The restless world of it appears always to be focused on the new, without ever quite digesting the previously new. Proliferation outstrips integration. Because novelty makes headlines. Because being first to market is important in it where imitation is relatively easy. Because integration often needs standards, which evolve slowly.
But integration is often where most benefits lie. For example in the integration of cad with online databases, of phones with mobility, of project management with it networks, of scanners and digital cameras with desktop pcs. An interesting piece of integration-in-the-making is the coming of maps to mobile phones/computers, which themselves integrate voice, Internet data, satellite location and, increasingly, display screens. When a map is part of a database, you can tie a lot of structured information to it, not just look at it. We have the makings of mobile interpretation centres.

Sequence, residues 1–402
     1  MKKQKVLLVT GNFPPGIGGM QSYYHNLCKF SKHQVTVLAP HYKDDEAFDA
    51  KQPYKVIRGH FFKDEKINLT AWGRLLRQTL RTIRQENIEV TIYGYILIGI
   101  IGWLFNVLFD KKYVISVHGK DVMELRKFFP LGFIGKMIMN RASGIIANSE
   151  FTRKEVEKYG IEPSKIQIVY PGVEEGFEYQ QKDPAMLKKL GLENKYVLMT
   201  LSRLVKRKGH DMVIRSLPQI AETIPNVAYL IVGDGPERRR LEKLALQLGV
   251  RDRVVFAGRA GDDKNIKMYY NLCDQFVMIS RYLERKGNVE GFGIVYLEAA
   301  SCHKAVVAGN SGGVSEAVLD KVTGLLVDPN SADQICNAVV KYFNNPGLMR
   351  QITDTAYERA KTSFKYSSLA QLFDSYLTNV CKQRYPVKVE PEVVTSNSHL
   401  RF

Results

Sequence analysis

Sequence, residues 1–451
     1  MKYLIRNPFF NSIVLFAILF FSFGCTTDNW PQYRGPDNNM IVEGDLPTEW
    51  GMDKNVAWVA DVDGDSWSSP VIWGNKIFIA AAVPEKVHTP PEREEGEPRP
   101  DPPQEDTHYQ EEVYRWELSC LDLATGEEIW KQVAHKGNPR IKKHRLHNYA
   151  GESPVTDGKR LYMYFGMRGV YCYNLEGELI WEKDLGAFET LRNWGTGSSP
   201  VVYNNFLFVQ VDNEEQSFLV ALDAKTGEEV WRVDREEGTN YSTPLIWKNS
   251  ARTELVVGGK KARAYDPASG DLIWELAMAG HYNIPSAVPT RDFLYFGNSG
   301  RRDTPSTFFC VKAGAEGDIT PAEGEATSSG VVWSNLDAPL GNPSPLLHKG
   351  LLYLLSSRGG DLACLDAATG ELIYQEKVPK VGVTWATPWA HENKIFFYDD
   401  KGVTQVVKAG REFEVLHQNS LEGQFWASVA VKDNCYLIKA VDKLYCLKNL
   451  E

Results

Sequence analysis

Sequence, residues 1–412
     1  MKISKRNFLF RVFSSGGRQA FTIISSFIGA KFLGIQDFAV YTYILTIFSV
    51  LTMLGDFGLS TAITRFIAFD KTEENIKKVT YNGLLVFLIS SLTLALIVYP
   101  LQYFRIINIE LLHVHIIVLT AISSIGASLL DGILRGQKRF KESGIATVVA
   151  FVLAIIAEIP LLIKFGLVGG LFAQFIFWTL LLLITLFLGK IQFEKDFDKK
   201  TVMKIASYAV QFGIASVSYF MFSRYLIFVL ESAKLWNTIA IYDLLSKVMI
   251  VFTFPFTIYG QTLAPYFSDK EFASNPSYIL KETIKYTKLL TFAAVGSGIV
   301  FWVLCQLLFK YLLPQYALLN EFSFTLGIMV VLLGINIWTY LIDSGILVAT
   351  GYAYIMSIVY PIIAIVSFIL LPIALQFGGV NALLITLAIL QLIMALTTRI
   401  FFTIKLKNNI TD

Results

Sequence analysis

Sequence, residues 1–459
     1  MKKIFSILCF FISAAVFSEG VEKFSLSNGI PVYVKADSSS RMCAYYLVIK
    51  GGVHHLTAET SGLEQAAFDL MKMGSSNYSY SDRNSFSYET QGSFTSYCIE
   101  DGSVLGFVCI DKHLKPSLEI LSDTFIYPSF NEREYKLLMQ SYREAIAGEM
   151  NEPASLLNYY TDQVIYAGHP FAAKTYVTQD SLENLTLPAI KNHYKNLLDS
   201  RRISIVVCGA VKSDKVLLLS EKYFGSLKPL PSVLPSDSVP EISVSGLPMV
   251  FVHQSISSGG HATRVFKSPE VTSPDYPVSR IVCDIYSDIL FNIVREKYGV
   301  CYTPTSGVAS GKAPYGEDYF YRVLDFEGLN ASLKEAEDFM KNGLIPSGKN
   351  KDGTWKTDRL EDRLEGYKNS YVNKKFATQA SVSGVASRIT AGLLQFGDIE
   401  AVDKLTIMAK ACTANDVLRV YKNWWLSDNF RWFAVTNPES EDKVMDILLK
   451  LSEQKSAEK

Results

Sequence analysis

Take Pevsner. There is the obvious wayfinding help from a device that knows where you are. 'Turn right here, it's 60m on the left.' And more could be made of Pevsner's walks - the townscape and the settings of buildings - by pointing to vistas and relationships where Pevsner focuses so much on the individual buildings. Audio commentaries (as in art galleries) and thumbnail images could be part of this informed looking.
Pace is another issue. Those who have survived a sag architectural tour of five countries in five days, stopping every hour for five minutes at a building, will know the problem. You have time to look at the building or look through the camera, but not both, then back on the bus - you have no control of pace. One of the potential pluses of the web is that you can be in control of the pace at which you draw on information. Historical or contemporary, spatial interpretation can have extra dimensions.
Barrie Evans is editor of www.ajplus.co.uk